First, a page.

Streaming SSR

React 18 includes architectural improvements to React server-side rendering (SSR) performance. This means you can use Suspense in your React components in streaming SSR mode and React will render content on the server and send updates through HTTP streams. React Server Components, an experimental feature, is based on streaming. You can read more about Server Components related streaming APIs in next/streaming. However, this guide focuses on streaming with React 18.

Using Streaming Server-Rendering

When you use Suspense in a server-rendered page, there is no extra configuration required to use streaming SSR. When deployed, streaming can be utilized through infrastructure like Edge Functions on Vercel (with the Edge Runtime) or with a Node.js server (with the Node.js runtime). AWS Lambda Functions do not currently support streaming responses.

All SSR pages have the ability to render components into streams and the client continues receiving updates from these streams even after the initial SSR response is sent. When any suspended components resolve down the line, they are rendered on the server and streamed to the client. This means applications can start emitting HTML even before all the data is ready, improving your app's loading performance.

As an added bonus, in streaming SSR mode the client will also use selective hydration to prioritize component hydration based on user interactions, further improving performance.

For non-SSR pages, all Suspense boundaries will still be statically optimized.

Streaming Features

next/dynamic

Dynamic imports through React.lazy have better support in React 18. Previously, Next.js supported dynamic imports internally without requiring Suspense or React.lazy. Now to embrace the official APIs on the React side, we provide you with options.suspense in next/dynamic.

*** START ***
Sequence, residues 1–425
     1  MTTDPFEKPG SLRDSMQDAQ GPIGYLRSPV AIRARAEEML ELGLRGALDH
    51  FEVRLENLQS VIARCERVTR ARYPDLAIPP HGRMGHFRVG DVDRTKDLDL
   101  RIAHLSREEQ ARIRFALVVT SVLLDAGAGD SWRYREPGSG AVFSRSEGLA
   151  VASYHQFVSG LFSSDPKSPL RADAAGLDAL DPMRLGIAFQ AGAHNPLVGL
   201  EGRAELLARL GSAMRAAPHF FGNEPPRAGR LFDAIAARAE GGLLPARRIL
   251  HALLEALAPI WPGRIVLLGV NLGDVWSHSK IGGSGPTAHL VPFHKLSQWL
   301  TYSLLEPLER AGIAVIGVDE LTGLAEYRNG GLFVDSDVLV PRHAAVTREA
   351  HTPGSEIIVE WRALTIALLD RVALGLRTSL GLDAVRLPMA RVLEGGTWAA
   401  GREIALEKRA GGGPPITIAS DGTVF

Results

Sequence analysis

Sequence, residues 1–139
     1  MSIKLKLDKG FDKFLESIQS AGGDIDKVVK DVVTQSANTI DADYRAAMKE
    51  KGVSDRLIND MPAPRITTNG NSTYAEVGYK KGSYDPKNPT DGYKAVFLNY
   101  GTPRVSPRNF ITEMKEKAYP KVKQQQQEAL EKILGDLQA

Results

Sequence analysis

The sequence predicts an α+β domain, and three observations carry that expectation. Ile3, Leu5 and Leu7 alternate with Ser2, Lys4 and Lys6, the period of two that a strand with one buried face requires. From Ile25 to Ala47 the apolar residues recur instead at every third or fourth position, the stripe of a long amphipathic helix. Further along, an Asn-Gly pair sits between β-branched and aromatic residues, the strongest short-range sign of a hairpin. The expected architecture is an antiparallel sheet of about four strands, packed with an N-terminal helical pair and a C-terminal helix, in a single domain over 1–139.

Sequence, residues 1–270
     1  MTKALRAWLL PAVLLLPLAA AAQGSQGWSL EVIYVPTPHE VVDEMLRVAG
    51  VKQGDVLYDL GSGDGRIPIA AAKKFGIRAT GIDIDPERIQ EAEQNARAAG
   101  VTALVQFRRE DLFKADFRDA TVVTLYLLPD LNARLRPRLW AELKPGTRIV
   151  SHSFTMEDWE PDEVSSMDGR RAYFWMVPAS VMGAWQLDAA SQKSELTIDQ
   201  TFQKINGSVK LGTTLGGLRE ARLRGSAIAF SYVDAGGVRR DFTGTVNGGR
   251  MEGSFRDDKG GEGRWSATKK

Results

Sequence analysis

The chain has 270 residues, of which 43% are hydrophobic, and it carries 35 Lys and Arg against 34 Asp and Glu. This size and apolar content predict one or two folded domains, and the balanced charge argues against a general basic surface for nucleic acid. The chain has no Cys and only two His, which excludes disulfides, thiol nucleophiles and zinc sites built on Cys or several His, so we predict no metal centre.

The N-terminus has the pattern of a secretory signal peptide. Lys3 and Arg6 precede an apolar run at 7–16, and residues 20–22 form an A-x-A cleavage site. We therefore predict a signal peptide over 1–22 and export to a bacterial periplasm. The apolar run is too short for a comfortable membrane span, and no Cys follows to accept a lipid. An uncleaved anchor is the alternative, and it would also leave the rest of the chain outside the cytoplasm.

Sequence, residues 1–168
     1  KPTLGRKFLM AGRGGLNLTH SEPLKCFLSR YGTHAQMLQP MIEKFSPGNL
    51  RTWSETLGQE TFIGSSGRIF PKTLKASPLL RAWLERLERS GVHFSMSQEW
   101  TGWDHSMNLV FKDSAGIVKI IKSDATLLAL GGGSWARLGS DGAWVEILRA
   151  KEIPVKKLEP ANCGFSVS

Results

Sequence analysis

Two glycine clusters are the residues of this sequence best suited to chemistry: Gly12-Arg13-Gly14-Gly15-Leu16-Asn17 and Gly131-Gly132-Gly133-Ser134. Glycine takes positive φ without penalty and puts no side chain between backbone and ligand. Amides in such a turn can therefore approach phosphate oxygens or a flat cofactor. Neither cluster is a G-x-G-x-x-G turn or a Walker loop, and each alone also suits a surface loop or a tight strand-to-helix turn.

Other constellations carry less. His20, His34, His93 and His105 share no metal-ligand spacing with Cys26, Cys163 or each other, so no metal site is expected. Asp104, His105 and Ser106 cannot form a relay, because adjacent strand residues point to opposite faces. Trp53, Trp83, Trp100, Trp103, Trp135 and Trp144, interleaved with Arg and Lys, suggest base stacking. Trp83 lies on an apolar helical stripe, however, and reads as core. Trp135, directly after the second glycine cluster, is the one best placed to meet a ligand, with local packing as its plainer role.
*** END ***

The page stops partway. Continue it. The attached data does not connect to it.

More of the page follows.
import dynamic from 'next/dynamic'
import { lazy, Suspense } from 'react'

import Content from '../components/content'

// These two ways are identical:
const Profile = dynamic(() => import('./profile'), { suspense: true })
const Footer = lazy(() => import('./footer'))

export default function Home() {
  return (
    <div>
      <Suspense fallback={<Spinner />}>
        {/* A component that uses Suspense */}
        <Content />
      </Suspense>
      <Suspense fallback={<Spinner />}>
        <Profile />
      </Suspense>
      <Suspense fallback={<Spinner />}>
        <Footer />
      </Suspense>
    </div>
  )
}

Check out next/streaming for more details on building Next.js apps in streaming SSR mode.

Important Notes

next/head and next/script

Using resource tags (e.g. scripts or stylesheets) in next/head won't work as intended with streaming, as the loading order and timing of next/head tags can no longer be guaranteed once you add Suspense boundaries. We suggest moving resource tags to next/script with the afterInteractive or lazyOnload strategy, or to _document. For similar reasons, we also suggest migrating next/script instances with the beforeInteractive strategy to _document.

Data Fetching

Currently, data fetching within Suspense boundaries on the server side is not fully supported, which could lead to mismatching between server and client. In the short-term, please don't try data fetching within Suspense.

Styling

Inline styles, Global CSS, CSS modules and Next.js built-in styled-jsx are supported with streaming. The Next.js team is working on the guide of integrating other CSS-in-JS solutions in streaming SSR. Stay tuned for updates.

Note: The styling code should be only placed in client components, not server components, when using React Server Components